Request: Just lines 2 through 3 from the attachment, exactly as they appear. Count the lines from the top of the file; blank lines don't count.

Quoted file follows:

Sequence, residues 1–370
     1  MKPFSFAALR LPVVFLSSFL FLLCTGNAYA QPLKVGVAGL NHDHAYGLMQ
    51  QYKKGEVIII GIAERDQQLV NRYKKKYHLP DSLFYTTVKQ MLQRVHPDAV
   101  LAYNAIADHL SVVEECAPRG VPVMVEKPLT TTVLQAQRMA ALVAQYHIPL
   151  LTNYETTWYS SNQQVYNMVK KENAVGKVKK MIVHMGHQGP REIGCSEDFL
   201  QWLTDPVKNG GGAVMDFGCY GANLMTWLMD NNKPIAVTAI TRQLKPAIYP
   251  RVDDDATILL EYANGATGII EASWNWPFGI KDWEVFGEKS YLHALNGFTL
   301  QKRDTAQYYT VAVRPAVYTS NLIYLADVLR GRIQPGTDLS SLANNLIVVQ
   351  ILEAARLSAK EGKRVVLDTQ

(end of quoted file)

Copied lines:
     1  MKPFSFAALR LPVVFLSSFL FLLCTGNAYA QPLKVGVAGL NHDHAYGLMQ
    51  QYKKGEVIII GIAERDQQLV NRYKKKYHLP DSLFYTTVKQ MLQRVHPDAV